(The Tao of Physics by Fritjof Capra, first published in 1975, London: Wildwood House, New York: Bantam Books, p. 126)

 

Abe Masao 阿部正雄 (1983)

Thirty years ago, before I began the study of Zen, I said, "Mountains are mountains, waters are waters." After I got an insight into the truth of Zen through the instruction of a good master, I said, "Mountains are not mountains, waters are not waters." But now, having attained the abode of final rest [i.e., Awakening], I say, "Mountains are really mountains, waters are really waters."

(Ch'ing-yuan Wei-hsin. Quoted by Masao Abe: "God, Emptiness, and Ethics"; Buddhist-Christian Studies, Vol. 3. (1983), pp. 53-60. [p.56])


The following discourse given by the Chinese Zen master Ch'ing-yuan Wei-hsin (Ja: Seigen Ishin) of the T'ang dynasty provides a key by which we may approach Zen philosophy. His discourse reads as follows:

Thirty years ago, before I began the study of Zen, I said, 'Mountains are mountains, waters are waters.' After I got an insight into the truth of Zen through the instruction of a good master, I said, 'Mountains are not mountains, waters are not waters.' But after having attained the abode of final rest [that is, Awakening], I say, 'Mountains are really mountains, waters are really waters.'
And then he asks, 'Do you think these three understandings are the same or different?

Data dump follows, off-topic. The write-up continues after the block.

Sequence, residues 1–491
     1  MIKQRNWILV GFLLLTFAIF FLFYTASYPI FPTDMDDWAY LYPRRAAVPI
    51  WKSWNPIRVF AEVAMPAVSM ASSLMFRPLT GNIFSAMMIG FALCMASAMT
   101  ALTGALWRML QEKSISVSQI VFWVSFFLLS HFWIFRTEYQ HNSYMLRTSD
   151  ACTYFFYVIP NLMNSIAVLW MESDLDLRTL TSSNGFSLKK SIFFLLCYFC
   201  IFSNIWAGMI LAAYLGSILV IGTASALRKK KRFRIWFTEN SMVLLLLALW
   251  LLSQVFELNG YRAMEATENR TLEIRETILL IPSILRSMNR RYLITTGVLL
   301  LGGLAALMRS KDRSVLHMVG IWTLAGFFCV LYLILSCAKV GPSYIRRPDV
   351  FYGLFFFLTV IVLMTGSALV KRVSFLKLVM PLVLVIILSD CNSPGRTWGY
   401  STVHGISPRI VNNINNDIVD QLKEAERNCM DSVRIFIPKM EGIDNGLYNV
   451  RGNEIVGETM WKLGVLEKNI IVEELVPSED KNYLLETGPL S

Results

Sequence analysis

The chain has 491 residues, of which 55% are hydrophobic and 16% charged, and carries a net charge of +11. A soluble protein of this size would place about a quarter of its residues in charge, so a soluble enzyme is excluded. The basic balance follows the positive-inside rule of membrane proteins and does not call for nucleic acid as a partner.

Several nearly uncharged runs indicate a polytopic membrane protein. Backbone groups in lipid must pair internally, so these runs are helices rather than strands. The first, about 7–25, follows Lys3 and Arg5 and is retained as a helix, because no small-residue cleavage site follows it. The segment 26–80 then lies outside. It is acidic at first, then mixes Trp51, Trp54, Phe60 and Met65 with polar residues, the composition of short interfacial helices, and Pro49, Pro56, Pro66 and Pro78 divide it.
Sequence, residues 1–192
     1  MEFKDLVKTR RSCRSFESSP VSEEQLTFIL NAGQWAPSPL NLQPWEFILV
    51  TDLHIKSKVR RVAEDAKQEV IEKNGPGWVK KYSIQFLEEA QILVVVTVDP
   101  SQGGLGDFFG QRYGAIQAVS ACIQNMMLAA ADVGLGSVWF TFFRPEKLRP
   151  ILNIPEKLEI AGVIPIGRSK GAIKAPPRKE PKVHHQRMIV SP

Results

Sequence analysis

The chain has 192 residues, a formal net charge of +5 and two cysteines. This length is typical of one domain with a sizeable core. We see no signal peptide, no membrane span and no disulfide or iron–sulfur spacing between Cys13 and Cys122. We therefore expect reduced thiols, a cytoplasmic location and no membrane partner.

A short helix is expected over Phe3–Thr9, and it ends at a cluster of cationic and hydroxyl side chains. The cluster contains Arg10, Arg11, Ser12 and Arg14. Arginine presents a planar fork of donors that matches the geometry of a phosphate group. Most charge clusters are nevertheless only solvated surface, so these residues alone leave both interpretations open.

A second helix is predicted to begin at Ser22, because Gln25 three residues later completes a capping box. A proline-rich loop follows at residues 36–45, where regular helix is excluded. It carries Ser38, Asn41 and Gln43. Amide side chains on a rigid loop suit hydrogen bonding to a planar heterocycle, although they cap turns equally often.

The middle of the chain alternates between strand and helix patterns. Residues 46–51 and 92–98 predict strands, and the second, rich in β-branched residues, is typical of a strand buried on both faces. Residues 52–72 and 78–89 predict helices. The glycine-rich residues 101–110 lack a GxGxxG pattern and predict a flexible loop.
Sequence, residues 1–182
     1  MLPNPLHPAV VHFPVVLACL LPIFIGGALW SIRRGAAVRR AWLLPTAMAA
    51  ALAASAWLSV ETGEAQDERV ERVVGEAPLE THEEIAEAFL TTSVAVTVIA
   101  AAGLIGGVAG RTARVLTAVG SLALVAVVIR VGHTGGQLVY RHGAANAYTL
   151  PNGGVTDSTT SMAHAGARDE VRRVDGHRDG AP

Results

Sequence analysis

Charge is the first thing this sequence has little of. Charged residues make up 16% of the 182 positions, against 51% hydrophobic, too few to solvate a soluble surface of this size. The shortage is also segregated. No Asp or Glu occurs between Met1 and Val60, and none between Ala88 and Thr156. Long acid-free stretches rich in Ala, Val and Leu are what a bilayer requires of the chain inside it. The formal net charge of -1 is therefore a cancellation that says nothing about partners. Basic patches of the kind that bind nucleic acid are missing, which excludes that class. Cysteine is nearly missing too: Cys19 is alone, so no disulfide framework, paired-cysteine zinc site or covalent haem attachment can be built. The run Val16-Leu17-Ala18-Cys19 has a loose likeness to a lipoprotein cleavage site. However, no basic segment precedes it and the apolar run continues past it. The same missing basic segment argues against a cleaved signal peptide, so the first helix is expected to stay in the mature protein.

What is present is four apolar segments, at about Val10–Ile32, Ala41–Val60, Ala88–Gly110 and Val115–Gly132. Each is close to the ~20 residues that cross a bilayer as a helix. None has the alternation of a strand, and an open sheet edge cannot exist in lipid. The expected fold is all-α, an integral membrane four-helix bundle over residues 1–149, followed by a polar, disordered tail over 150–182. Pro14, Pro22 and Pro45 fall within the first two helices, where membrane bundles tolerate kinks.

(Abe Masao. Zen and Western Thought. Edited by William R. LaFleur. Honolulu: University of Hawaii Press, 1985, p. 4.)

 

Urs App (1994)

The passage in question is from the Compendium of the Five Lamps (Wudeng huiyuan), in the Zokuzoukyou, 138: 335a line 9 ff. Master Qingyuan made the statement. A translation, in Urs App's _Master Yunmen_, pp. 111-12, note 2 reads:  

"Thirty years ago, before I practiced Chan, I saw that mountains are mountains and rivers are rivers. However, after having achieved intimate knowledge and having gotten a way in, I saw that mountains are not mountains and rivers are not rivers. But now that I have found rest, as before I see mountains as mountains and rivers as rivers."  

PDF: Master Yunmen : from the record of the Chan Master "Gate of the Clouds"
translated, edited, and with an introduction by Urs App, New York : Kodansha International, 1994. 252 p.

 

Nonin Chowaney (2012)

Rev. Nonin Chowaney
Soto Zen Buddhist Priest. Transmitted Dharma Heir of Dainin Katagiri Roshi.